You will find an improved 2W front-facing headlight to better illuminate dark journeys, the ability to tackle 20% incline slopes (compared to 12% on the original) and there are more reflectors to make you easier to spot on the road, but that’s not really enough to tempt owners of the first-gen Mi scooter to upgrade.
For those that are tempted, though, it's available to buy right now from Halfords for £599.
The more interesting option for many will be the Mi Electric Scooter 1S, which admittedly also looks near-identical to the original, but with a key difference: it’s lighter and more portable. That’s mainly due to the weight - at 12.5kg, it’s just shy of 2kg lighter than the Scooter Pro 2, and that’ll make a difference if you have to carry the electric scooter in and out of tube stations and the like.
There are trade-offs to be had, with a shorter 30km range and slightly less powerful 250W brushless motor, but that shouldn’t make too much of a difference if you’re only using the electric scooter as last-mile transport. The 1S isn't available to buy just yet, but it'll be available for £499 from Halfords in September.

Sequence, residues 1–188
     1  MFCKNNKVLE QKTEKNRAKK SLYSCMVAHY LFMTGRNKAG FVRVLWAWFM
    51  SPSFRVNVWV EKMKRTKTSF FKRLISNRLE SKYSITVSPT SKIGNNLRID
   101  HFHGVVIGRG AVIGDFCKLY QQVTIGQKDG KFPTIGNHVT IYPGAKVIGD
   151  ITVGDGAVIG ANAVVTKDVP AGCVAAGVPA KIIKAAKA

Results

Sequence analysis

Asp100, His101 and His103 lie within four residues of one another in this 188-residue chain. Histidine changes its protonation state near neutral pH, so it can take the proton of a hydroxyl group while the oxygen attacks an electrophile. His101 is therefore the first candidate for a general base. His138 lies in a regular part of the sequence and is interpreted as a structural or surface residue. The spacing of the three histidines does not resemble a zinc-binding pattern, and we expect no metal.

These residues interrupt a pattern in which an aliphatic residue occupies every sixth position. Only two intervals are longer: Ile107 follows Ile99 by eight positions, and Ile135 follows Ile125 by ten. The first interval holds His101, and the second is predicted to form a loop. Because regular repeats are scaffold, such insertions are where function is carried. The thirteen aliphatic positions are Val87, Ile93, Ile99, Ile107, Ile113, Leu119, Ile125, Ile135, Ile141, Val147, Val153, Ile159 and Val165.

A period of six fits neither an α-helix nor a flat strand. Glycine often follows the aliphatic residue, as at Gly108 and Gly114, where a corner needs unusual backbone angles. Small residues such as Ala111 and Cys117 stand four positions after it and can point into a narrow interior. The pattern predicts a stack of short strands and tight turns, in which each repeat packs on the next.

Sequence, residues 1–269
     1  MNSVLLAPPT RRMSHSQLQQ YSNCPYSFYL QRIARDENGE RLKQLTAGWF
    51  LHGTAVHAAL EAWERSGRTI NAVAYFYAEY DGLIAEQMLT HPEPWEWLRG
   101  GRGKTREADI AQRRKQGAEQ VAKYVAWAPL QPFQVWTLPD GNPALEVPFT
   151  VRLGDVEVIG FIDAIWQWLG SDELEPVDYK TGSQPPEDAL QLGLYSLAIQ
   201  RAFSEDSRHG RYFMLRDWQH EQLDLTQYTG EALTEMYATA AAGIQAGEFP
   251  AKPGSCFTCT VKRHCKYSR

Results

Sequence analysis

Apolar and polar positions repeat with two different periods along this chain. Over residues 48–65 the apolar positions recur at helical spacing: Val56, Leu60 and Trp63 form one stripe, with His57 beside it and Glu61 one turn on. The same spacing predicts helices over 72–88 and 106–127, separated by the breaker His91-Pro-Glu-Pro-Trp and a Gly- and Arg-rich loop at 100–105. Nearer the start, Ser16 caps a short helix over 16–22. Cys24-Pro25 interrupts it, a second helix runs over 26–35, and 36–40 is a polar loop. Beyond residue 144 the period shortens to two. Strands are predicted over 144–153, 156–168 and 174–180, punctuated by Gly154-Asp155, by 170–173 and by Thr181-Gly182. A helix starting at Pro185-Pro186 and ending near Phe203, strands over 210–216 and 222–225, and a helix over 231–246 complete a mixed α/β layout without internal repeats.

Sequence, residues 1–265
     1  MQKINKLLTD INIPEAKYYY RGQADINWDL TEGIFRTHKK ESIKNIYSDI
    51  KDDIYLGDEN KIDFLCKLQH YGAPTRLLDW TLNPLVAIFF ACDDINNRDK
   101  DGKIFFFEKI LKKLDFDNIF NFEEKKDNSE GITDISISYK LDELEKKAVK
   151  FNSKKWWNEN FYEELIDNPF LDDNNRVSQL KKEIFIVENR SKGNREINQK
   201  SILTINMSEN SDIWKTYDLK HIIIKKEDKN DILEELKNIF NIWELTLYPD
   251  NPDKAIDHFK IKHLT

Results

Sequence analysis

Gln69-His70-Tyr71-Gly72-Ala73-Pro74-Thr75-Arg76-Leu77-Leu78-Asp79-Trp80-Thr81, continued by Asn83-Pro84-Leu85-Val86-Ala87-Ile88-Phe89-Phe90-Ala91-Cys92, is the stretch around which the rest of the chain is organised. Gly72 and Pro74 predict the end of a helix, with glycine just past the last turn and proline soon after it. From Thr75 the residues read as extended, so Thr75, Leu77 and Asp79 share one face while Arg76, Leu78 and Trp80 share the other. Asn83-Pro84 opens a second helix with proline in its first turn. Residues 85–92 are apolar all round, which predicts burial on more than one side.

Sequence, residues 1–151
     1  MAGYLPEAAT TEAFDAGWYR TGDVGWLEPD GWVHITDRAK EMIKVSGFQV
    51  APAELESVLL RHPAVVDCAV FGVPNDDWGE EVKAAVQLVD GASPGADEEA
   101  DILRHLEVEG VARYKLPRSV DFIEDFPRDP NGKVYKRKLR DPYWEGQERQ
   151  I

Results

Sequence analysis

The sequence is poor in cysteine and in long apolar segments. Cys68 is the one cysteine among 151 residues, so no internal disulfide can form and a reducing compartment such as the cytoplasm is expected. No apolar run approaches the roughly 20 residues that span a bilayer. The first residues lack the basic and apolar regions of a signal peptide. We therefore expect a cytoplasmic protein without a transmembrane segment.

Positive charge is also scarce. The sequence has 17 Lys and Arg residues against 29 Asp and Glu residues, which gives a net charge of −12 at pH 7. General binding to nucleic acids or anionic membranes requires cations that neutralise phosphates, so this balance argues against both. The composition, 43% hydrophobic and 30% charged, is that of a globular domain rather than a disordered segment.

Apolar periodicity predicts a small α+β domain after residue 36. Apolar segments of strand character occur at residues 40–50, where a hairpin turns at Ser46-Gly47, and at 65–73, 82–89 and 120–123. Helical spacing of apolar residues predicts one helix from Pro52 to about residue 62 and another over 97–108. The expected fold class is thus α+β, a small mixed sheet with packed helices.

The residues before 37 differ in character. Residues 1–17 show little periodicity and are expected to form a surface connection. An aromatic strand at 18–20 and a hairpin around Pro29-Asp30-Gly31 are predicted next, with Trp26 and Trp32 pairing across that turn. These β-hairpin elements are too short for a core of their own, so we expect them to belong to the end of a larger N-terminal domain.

There's also what we'd consider an entry-level electric scooter dubbed the Mi Electric Scooter Essential, and it's £100 cheaper than the 1S at £399. It doesn't go as far or as fast as the others in the electric scooter range, with a range of 20km and a top speed of 20km/h, but it offers a multifunctional dashboard and compatibility with smartphones, allowing access to handy features via the Mi Home app.
It should also be lighter than the other Mi electric scooters, with a smaller battery and motor, making it the best option of the three for those that want to use a combination of public transport and an electric scooter on their daily commute.
It's worth emphasising that despite changing attitudes to e-scooters in the UK, with various private hire e-scooter trials going on around the country, it's still currently illegal for privately-owned scooters to be used on public roads and pathways.